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A different kind of bookkeeping

We’ve been talking a lot about the big picture of volunteer management. But it’s important to remember the details—and the individual volunteers—too.

We should take the time to sit down and map out all the people involved in running our associations. How long have they been around? Who have they recruited to join them in the leadership group? Are people starting to burn out because no one’s around to shoulder part of the load? Is leadership capacity slowly dwindling and dragging down the organization?

Someone just resigned—does the president know what to do or does she just start performing that function herself? A new member writes an email wanting to get involved—how do you answer?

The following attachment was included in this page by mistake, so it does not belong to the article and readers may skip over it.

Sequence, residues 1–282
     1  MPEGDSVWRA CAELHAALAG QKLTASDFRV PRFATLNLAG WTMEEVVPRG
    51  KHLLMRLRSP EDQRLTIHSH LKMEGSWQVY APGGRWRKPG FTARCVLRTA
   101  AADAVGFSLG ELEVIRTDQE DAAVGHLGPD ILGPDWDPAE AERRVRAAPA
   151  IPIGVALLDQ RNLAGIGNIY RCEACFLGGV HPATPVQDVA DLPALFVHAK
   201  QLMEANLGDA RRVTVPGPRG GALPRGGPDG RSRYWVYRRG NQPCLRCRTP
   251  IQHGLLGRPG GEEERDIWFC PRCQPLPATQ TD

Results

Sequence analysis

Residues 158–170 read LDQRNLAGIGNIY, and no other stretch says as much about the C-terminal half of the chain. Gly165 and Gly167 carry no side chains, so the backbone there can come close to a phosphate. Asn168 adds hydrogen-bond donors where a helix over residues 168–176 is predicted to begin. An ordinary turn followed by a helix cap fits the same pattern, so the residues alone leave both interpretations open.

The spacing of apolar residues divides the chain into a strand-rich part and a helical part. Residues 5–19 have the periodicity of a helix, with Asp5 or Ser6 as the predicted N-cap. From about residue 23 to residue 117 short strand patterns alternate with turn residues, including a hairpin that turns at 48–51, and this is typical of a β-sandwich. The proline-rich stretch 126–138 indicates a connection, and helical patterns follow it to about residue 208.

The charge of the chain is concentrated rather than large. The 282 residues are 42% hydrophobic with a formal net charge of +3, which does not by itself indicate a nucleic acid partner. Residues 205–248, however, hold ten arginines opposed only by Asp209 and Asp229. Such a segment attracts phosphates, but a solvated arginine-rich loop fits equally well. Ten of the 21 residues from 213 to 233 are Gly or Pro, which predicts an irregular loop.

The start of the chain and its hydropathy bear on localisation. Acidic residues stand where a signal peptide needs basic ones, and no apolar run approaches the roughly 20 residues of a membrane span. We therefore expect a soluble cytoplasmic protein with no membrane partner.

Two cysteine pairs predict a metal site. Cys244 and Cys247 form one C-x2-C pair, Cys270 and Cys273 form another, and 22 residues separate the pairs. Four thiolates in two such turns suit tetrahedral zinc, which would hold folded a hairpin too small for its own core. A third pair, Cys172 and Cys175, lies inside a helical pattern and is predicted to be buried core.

So often, we focus so singlemindedly on our programs and technical issues that we forget what I call “people bookkeeping.” It’s a little more qualitative, but in the long run, no less important than keeping the finances in order. Taking time to think through what will make volunteers happy and productively engaged has a tremendous ROI, even if that means scaling back other programs or initiatives for a time.

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Comments

Nick, many associations already have the capacity to track this to a great extent: their association management system (AMS). Most well-designed AMSs have a committee management module, which can be easily extended to manage all types of volunteer activity.

I frequently exhort my clients to track all of their volunteer activity (e.g., speaking, committee work, writing) in their AMS, so that they can easily see who is contributing time, and how much. This level of engagement can frequently equal the value of straight financial transactions. Associations need to understand what that value is and track it.

Wes you are right on, many do have the capacity. They just aren't using it either by not tracking or by not looking at the data and using it.

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